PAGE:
Late last year, when Harvest was thinking about factors that would drive the investment landscape in 2022, four key themes emerged. Just quickly they were:
- Monetary & Fiscal Policy (reduced Quantitative Easing and increased Government spending)
- Inflation (inflation now looking to be more systemic than transitory)
- Interest rates (now clear the US Federal Reserve will increase US cash rates this year)
- Increasing tension between China and the West.
To that list we now need to add war between Russia and Ukraine. Does this change our thinking on how we should approach investing? In short, the answer is no. Whilst no-one wants war, one of the perverse outcomes of war is that they’re expansionary. That is, governments must increase spending in order to support the war effort. However, they also increase market nervousness, which leads to increased short term market volatility.
So, we now have two drivers of short-term market volatility: the Ukraine situation and the timing of future Interest rate rise announcements. With the above themes in mind, here is our broad outlook for the main asset classes.
We’re still very confident in the outlook for equities. Earnings growth, as companies rebound from the pandemic, is looking very strong. Next year, company earnings growth in Australia is forecast to be in the 8-10% range and even higher in the US. We do not expect this to be impacted by the war in Ukraine.
The only negative for equities is the potential for increases in interest rates. If and when those rate rises are announced, there will be increased volatility in markets and companies that don’t have strong balance sheets will be hardest hit.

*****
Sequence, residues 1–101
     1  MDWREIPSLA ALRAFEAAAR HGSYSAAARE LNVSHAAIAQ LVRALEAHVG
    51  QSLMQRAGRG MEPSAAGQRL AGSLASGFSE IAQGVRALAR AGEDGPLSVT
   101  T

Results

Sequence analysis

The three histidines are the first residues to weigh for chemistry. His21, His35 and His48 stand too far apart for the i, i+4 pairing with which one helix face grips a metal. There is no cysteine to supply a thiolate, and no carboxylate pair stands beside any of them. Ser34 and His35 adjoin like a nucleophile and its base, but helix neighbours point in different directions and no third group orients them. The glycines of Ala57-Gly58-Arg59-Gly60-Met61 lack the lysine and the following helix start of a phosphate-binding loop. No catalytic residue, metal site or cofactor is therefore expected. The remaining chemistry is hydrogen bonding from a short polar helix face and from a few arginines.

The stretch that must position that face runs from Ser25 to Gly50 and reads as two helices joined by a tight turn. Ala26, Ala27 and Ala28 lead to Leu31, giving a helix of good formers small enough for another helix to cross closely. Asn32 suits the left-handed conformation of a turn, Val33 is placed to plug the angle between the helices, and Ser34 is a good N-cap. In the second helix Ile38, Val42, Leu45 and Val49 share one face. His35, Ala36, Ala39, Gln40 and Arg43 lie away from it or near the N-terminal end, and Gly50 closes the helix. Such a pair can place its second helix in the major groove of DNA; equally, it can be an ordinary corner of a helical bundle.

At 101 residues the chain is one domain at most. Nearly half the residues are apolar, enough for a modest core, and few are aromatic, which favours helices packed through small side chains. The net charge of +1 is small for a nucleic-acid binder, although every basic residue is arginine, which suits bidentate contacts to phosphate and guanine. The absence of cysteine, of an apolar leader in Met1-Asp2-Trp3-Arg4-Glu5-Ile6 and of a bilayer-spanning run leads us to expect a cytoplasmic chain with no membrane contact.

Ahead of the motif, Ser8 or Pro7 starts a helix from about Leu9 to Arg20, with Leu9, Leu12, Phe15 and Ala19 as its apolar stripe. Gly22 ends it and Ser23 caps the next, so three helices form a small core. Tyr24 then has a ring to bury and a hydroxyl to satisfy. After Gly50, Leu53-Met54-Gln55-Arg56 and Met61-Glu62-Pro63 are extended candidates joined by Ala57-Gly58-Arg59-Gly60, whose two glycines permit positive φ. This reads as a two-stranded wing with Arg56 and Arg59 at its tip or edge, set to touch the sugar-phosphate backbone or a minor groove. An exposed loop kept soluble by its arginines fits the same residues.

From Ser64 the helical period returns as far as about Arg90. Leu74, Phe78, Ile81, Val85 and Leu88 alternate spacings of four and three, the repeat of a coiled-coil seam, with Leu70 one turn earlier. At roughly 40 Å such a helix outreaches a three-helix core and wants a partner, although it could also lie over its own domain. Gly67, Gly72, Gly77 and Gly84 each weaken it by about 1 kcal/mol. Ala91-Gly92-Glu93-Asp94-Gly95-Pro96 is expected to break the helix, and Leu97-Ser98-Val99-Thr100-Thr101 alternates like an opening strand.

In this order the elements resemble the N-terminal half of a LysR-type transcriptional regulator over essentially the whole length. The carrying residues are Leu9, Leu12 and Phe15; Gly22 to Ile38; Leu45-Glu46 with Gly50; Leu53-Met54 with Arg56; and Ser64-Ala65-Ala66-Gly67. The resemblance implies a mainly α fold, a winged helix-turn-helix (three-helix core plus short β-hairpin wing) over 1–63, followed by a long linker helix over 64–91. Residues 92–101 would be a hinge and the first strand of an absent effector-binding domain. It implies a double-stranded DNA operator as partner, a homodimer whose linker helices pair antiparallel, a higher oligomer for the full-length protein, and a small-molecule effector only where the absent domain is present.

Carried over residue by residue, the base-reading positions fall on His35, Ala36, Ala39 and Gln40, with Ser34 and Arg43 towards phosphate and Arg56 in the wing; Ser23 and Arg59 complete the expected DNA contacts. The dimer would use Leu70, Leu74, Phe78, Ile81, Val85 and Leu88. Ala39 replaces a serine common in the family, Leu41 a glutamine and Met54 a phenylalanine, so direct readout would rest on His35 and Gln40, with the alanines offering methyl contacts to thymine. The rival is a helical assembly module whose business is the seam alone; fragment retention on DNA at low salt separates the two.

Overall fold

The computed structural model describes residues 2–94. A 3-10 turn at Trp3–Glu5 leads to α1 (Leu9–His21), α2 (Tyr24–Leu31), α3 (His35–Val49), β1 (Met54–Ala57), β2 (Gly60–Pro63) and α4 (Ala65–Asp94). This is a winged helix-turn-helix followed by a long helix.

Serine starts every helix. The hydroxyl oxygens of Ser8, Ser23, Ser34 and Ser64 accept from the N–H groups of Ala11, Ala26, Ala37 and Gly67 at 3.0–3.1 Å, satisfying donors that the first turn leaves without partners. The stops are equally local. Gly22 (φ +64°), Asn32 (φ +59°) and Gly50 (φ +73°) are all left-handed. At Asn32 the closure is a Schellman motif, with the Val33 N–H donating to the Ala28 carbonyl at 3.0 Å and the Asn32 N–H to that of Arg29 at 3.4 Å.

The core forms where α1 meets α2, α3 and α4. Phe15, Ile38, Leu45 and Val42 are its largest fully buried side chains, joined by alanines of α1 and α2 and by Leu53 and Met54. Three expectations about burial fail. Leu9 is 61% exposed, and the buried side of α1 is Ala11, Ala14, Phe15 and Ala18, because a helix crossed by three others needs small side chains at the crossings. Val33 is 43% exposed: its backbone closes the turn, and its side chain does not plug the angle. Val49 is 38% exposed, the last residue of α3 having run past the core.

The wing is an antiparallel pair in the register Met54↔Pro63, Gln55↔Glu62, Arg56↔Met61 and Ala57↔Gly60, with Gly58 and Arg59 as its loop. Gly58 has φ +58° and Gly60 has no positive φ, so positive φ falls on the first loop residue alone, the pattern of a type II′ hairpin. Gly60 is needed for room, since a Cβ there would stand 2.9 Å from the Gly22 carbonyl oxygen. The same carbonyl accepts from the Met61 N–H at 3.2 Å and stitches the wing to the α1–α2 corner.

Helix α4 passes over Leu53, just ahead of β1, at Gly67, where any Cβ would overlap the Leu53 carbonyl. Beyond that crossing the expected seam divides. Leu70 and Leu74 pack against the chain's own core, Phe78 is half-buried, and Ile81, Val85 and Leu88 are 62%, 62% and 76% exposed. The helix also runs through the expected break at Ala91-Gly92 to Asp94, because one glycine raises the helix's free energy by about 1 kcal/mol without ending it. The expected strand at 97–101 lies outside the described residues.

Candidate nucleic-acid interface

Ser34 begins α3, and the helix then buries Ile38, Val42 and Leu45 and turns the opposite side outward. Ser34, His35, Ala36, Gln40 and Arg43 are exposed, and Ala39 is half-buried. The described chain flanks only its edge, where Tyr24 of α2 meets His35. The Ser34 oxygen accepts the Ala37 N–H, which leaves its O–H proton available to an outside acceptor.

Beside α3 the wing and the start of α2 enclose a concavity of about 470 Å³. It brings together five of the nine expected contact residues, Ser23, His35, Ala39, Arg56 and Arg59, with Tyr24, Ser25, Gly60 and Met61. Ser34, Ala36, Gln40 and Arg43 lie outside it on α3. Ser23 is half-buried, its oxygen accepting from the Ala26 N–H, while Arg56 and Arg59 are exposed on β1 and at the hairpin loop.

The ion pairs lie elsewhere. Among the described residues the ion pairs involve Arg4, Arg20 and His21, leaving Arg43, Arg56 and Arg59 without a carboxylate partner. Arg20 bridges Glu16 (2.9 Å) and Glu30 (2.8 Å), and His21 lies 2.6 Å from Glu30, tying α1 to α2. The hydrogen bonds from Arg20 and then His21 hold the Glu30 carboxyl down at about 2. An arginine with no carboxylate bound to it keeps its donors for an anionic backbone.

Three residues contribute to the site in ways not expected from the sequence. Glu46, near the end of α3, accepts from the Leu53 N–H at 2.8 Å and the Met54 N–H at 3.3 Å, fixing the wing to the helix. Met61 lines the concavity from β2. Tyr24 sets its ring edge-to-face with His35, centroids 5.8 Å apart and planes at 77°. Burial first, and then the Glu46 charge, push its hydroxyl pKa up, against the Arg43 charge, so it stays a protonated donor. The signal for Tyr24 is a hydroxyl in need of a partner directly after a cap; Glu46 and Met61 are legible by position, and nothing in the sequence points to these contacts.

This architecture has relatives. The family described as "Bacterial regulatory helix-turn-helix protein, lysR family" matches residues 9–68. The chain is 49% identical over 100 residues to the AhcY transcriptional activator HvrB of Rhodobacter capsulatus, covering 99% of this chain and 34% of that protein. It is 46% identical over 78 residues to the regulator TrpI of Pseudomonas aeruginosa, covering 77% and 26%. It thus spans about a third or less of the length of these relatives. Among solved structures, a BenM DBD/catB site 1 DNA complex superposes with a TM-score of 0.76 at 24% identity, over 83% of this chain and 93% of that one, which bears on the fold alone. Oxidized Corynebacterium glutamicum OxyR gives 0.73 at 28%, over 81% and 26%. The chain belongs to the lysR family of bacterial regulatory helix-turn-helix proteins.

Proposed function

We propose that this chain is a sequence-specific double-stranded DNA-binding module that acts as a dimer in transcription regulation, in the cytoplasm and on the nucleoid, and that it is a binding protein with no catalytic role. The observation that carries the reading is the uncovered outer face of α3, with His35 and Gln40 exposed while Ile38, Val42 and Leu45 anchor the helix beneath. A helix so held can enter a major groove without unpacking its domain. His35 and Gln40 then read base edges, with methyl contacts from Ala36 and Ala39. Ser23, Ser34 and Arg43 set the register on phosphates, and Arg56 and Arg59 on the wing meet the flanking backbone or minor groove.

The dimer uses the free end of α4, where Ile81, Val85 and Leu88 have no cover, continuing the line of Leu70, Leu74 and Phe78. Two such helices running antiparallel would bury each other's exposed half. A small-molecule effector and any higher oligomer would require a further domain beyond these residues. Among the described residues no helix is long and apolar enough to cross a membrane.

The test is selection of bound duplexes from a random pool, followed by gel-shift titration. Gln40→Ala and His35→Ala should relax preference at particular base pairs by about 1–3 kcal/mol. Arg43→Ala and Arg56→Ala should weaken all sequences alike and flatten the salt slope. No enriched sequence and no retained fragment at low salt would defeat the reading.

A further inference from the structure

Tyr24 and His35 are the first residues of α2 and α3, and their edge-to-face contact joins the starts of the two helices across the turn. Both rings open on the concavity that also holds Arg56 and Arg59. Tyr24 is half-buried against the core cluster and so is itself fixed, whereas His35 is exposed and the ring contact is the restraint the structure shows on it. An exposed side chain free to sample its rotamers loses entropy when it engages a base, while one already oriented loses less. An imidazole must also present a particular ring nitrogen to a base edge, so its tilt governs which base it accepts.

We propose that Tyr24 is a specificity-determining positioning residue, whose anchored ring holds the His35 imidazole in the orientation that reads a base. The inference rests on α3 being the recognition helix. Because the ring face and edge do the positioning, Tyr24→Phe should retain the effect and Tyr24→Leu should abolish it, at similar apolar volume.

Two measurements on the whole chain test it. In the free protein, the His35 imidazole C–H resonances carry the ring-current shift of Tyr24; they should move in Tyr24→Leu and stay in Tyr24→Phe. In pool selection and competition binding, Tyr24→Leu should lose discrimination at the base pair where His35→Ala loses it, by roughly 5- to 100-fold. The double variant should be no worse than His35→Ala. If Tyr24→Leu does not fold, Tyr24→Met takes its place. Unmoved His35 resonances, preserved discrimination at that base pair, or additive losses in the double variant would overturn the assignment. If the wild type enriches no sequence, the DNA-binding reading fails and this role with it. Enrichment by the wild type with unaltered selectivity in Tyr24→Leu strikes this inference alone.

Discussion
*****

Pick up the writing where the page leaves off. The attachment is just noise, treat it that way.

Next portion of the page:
The active fund managers that Harvest recommends in your super and investment accounts, are fully aware of this potential and are already positioning their portfolios to weather this volatility. As always, our message is don’t panic, stay invested!
This message is particularly important for our retired clients as equities are currently the best source of the income return that you need to fund your pension payments.
The potential for interest rate hikes makes government bonds less attractive for the next year or so. But the trajectory of the world economy is up, and this growth will be partly fuelled by new corporate bond issuance, including “green bonds”. We’re therefore cautiously optimistic about the performance of this sub-sector. Also, inflation linked bonds will come to the fore.
Again, the actively managed, diversified bond fund managers that Harvest utilise, are aware of these factors and will reposition their portfolios accordingly.
Whenever there is talk of inflation, you will usually find chatter about investing in Gold as an inflation hedge. The reality is that Property is an even better inflation hedge, and it also has the added benefit of providing an income return. We expect property to perform well this year.
As the push towards Net Zero gains momentum, there will be increasing momentum in investment in infrastructure to de-carbonise the world economy. We anticipate steady (rather than spectacular) long term growth in this sector. Infrastructure is also a terrific inflation hedge as many infrastructure contracts have CPI increases built into their revenue agreements (eg the annual increases in tolls for Toll Roads are usually tied to a CPI measure).
Additional Note post Russia’s invasion of Ukraine
A new dimension of risk has entered the financial markets now that Russia has invaded Ukraine. It’s not something the markets needed when they were already dealing with brisk inflation and preparing for an expected cycle of interest rate hikes from most of the world’s central banks.
However, what history tells us about markets during times of geopolitical risk is that they’re very resilient. Whilst we expect some increased volatility in the short term, we do expect markets to recover fairly quickly.
To support this claim, the chart below, courtesy of Vanguard, shows the response of markets to some previous crises.
As can be seen, whilst there is an initial market downturn, markets move back rapidly to positive territory within a year and often within 6 months.
So our message is as always: stay invested!